(3) uBiome’s tests did not have clinical utility and acceptance in the medical community.  

Management did not apprise investors of insurance providers’ significant questions about uBiome’s billing practices and business model. During the Series B and Series C fundraising rounds, Apte and Richman induced investors to invest more than $64 million in uBiome stock. Moreover, during those rounds, Apte and Richman sold investors more than $12 million of their own uBiome shares.

Aggravated Identity Theft & Money Laundering

The indictment charges aggravated identity theft and money laundering (using the proceeds of unlawful activity).

The co-founders committed aggravated identity theft by using various healthcare providers’ names and personal information and uBiome customers’ personal information to create false documents submitted to health insurance companies. This was part of the scheme to defraud the insurance companies. 

The co-founders committed money laundering by making a $2,250,000 payment to a law firm supposedly for a retainer, and by depositing $500,000 into a bank account. They also violated anti-money laundering laws by making payments for real estate in Washington State and Florida, purchasing an annuity from a life insurance company, and transferring $900,000 to purchase a residence in South Florida.  

Law Enforcement Statements About the uBiome Indictment

Leaders from various agencies took turns expressing the significance of their efforts at the news conference announcing the uBiome indictment. Here is a sampling of what they had to say:

FBI Special Agent in Charge: “This was the result of a very complex investigation conducted by the FBI and our federal and state partners. This indictment illustrates that the heavily regulated healthcare industry does not lend itself to a ‘move fast and break things’ approach, but rather to an approach of compliance and accountability.”

USPIS Inspector in Charge: “The United States Postal Inspection Service has a long history of successfully investigating complex fraud cases. Anyone who engages in deceptive practices should know they will not go undetected and will be held accountable. The collaborative investigative work on this case conducted by Postal Inspectors, our law enforcement partners, and the United States Attorney’s Office illustrates our efforts to protect American consumers and businesses.” 

VA OIG Special Agent in Charge: “This indictment demonstrates the VA OIG’s unwavering commitment to safeguard the integrity of the programs that support our nation’s veterans and their families.”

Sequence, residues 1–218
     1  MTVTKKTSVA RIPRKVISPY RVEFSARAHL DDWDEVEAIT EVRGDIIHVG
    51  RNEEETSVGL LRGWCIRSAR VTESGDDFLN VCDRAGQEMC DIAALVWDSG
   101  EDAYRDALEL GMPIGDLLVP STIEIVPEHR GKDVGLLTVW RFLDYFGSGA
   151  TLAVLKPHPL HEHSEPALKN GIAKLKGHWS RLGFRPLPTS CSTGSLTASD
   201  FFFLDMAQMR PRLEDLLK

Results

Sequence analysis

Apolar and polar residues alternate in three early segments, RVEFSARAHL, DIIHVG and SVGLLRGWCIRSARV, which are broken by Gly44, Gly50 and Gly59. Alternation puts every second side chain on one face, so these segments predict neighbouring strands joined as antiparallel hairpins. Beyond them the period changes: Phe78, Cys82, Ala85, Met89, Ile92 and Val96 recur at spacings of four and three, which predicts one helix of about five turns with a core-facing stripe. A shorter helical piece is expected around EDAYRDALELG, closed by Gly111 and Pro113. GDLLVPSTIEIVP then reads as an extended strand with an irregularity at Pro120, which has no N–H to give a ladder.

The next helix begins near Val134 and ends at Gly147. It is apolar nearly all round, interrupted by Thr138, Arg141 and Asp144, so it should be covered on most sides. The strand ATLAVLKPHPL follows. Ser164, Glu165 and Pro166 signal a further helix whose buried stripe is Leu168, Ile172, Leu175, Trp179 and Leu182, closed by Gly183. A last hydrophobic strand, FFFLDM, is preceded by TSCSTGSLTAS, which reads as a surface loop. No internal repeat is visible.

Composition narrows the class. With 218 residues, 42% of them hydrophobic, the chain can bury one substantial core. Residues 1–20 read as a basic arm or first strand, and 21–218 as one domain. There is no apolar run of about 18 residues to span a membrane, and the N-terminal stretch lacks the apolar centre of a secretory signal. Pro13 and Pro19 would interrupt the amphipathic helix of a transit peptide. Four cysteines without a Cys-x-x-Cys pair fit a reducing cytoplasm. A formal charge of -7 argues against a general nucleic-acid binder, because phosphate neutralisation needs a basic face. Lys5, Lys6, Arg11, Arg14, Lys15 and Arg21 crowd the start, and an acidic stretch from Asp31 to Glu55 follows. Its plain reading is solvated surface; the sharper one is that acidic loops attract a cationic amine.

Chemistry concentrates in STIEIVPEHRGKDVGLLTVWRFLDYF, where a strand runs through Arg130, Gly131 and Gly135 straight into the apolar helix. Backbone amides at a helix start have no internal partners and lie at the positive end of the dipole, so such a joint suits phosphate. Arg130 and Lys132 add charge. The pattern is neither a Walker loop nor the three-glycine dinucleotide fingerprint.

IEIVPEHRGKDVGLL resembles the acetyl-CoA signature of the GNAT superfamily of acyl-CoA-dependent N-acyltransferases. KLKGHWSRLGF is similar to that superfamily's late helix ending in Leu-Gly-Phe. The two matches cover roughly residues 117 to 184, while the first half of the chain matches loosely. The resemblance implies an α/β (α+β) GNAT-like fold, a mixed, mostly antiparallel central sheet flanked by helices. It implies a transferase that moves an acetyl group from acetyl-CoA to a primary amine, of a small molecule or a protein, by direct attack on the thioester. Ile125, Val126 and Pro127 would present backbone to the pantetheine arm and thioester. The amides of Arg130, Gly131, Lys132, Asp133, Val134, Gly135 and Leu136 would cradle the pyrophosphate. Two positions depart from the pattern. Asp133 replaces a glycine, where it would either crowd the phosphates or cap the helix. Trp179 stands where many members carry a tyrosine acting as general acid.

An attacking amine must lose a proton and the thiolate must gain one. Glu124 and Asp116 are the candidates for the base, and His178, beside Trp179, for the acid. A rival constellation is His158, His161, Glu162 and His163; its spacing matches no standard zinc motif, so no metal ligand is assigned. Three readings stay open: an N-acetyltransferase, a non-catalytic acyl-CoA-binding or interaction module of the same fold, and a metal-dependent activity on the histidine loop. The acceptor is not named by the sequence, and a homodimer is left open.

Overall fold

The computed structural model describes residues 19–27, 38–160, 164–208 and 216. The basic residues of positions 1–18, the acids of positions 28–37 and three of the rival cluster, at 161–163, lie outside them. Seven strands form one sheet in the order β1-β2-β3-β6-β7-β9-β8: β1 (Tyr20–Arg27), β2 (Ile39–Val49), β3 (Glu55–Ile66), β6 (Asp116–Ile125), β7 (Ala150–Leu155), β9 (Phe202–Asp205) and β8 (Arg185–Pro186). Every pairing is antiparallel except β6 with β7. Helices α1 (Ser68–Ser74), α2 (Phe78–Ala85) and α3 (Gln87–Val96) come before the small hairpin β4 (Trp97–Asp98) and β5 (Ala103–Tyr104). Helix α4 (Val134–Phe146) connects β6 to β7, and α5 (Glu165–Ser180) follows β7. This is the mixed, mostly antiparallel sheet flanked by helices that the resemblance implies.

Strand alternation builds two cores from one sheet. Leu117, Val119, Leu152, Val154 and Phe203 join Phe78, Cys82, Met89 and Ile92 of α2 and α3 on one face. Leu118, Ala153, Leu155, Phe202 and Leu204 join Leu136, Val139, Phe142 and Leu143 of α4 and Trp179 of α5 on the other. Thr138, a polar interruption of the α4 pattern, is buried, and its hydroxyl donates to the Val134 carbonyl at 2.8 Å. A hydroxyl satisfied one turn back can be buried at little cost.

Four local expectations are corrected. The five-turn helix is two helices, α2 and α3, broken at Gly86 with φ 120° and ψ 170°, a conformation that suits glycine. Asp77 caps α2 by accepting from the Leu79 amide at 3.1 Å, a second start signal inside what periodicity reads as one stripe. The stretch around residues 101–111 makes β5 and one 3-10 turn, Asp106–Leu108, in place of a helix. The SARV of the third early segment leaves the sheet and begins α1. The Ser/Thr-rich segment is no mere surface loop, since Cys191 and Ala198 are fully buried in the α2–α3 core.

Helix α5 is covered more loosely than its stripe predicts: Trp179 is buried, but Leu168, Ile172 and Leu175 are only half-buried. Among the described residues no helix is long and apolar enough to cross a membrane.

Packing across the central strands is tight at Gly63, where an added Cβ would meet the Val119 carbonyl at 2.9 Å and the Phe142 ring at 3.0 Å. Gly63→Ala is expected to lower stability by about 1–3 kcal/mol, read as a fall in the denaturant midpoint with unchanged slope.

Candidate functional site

Amtrak OIG Special Agent in Charge: “We are very proud of this well-coordinated, joint effort—a true partnership between the US Attorney’s Office and multiple investigative agencies like Amtrak’s Office of Inspector General. Because of this joint effort and efforts like it, we continue to achieve success across the country in bringing justice to those who target Amtrak’s health care plan, its employees and their dependents.”

CONCLUSION

The uBiome indictment is an example of robust law enforcement cooperation across federal and state agencies.

This indictment also speaks to a federal law enforcement priority for which no stone is left unturned. Federal law enforcement is targeting investor fraud and demanding honesty with potential investors. This is a big issue in the Elizabeth Holmes trial, where Holmes raised close to $1 billion from investors for Theranos while lying about the state of its blood-testing technology.

Looking at the list of charges against the two uBiome co-founders, it appears that the DOJ is throwing the book at them in order to send a loud message and make them a cautionary tale. 

There are evident similarities between the criminal cases against the uBiome co-founders Zachary Schulz Apte and Jessica Sunshine Richman and Theranos founder Elizabeth Holmes.

Follow the Prison Professors blog for ongoing analysis of the developments in the most significant criminal white-collar cases in the US.

Prison Professors, an Earning Freedom company, works alongside (not in place of) civil and criminal defense counsel to help clients proactively navigate through investigations and prosecutions. Our team also helps clients prepare mitigation and compliance strategies.

If you have any questions or are uncertain about any of the issues discussed in this post, schedule a call with our risk mitigation team to receive additional guidance.